|Image via Goodreads|
I read this book as part of the Summer 2014 book challenge.
I was searching for a book that fit the biography, autobiography, or memoir category and came across this one. I really liked this book! John writes about how Asperger's has made his life different. Some in good ways. Some in bad ways. He didn't even know he had Asperger's until he was an adult. Growing up it wasn't a known diagnosis. He was classified as lazy, unmanageable, just a bad looking for trouble kid. He grows up wondering why kids don't like him. Socializing with others just doesn't come easy for John. School becomes too hard for him and he drops out. He goes on to do some pretty incredible things. You know those awesome guitars that KISS plays? He designed those. After working for the band for a while he needs a more stable environment. He ends up working for Milton Bradley designing electronic toys. He wants success and he finds it. However the higher he climbs on the ladder of success the more he has to interact with people, something he's not good at. He ends up leaving his job and doing something that he enjoys. He relates to machines. Machines don't try to trick you like people can. Machines are reliable. He opens his own car lot. He sells and fixes cars. Once he learns he has Asperger's he is better able to manage it. He can see now how he is supposed to relate to people. He sees how a conversation is supposed to be. He finally understands why he's had trouble relating to his peers.
This book was entertaining and educational. It puts you inside John's mind. you get to see how someone with Asperger's views the world. He's very matter of fact about things. My favorite part was chapter 23 "I get a Bear Cub". In this chapter his son is born. It was pretty comical how he described the experience.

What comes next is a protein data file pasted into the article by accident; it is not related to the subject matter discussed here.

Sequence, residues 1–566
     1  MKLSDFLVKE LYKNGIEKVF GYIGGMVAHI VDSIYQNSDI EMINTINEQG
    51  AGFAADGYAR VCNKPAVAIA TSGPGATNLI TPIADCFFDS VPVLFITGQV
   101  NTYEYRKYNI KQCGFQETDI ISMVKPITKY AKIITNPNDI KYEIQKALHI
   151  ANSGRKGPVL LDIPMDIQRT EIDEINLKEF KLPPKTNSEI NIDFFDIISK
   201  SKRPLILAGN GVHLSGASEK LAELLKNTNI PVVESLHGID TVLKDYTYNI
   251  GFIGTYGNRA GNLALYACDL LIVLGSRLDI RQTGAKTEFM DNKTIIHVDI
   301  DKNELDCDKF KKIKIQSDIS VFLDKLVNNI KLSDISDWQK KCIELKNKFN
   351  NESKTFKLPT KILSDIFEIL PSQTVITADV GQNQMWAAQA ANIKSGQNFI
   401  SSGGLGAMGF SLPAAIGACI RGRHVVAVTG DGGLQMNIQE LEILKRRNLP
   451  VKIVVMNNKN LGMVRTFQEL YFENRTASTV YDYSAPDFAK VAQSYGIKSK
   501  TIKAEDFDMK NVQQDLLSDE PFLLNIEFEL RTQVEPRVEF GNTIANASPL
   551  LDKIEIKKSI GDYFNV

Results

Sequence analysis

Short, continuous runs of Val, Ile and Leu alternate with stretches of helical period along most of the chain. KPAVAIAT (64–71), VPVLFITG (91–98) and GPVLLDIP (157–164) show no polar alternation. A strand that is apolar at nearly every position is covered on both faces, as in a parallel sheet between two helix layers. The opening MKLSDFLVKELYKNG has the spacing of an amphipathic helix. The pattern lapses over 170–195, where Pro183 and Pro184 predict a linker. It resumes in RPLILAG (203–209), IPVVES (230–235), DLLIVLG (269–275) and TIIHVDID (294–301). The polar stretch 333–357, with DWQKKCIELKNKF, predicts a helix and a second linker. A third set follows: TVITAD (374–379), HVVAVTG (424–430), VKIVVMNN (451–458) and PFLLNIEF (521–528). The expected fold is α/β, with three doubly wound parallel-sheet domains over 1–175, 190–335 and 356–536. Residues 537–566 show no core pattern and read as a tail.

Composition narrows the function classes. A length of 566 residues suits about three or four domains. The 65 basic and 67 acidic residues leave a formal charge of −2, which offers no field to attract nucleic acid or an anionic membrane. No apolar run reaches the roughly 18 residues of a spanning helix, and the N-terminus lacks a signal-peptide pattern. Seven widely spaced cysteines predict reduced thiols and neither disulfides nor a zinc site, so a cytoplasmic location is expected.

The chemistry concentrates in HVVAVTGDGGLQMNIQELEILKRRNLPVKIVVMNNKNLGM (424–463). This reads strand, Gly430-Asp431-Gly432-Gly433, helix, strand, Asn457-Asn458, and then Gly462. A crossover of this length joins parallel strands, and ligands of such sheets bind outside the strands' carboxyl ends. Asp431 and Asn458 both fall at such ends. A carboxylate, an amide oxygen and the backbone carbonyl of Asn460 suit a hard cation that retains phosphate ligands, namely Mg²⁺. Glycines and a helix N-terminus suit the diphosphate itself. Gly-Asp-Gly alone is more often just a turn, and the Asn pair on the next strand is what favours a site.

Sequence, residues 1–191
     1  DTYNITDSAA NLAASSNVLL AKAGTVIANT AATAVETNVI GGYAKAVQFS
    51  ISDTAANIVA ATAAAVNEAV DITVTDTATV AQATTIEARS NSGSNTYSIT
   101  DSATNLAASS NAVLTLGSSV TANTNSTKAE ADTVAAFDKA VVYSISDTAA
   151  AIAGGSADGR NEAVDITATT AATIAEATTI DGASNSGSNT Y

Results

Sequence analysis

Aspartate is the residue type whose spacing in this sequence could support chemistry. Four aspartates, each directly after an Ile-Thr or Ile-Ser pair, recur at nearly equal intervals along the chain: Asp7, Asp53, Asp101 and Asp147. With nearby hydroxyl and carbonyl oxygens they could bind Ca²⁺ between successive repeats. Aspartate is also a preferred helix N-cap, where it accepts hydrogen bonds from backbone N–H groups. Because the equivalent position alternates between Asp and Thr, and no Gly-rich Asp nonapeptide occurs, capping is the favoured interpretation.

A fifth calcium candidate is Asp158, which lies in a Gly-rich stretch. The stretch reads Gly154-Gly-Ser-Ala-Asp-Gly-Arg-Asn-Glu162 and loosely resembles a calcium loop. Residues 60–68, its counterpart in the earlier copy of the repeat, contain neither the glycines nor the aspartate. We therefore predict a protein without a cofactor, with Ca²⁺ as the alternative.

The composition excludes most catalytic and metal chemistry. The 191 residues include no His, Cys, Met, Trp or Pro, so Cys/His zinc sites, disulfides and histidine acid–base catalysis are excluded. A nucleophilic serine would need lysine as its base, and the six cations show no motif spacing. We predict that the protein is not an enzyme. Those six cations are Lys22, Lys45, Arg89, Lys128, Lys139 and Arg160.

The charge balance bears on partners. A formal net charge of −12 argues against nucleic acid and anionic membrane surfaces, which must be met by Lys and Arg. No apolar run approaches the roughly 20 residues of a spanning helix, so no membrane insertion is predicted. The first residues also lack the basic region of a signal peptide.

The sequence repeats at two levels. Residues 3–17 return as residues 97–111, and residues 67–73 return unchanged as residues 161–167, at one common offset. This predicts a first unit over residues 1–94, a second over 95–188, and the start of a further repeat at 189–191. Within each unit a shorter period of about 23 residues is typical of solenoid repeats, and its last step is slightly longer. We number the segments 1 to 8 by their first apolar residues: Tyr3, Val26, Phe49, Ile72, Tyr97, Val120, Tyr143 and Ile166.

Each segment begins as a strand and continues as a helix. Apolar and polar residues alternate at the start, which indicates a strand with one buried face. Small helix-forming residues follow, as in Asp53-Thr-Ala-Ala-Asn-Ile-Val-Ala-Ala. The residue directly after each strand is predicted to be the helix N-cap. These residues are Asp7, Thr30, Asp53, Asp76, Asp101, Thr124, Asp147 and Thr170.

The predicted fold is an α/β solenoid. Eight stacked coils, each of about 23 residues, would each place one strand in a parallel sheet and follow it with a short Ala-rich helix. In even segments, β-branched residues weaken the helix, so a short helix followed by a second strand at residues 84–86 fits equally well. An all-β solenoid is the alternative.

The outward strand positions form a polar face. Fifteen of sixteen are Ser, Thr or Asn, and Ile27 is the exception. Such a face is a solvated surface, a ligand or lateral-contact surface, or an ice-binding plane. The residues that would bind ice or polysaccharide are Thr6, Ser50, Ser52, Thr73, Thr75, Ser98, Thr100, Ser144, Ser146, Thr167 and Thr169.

""They had a big room where all the babies lay behind glass and grew under heat lamps, just like the baby chick display at the State Fair. Some were in incubators but most were just on trays."
Also in this chapter he talks about how reading the same story over and over again for his son got boring. I can relate. He begins to change the stories.
I eat you fish"
"See them all
See them run
The man is back
He has a gun"
In the book he describes having Asperger's like this:
"No one turns to a guy in a wheel chair and says, "Quick! Let's run across the street!." And when he cant run across the street no one says, "What's his problem?" They offer to help him across the street.
With me though there is no external sign that I am conversationally handicapped. So folks hear soem conversational misstep and say, "What an arrogant jerk!" I look forward to the day when my handicap will afford me the same respect accorded to a guy in a wheelchair."
I'm glad I read this book. I've said it before but my favorite thing about the challenge is that it oushes me to read books I wouldn't normally read. Thank you book challenge!
His brother wrote a book called Running with Scissors that I have now added to me "to read" list. His brother talks more about the not so fabulous childhood that they had.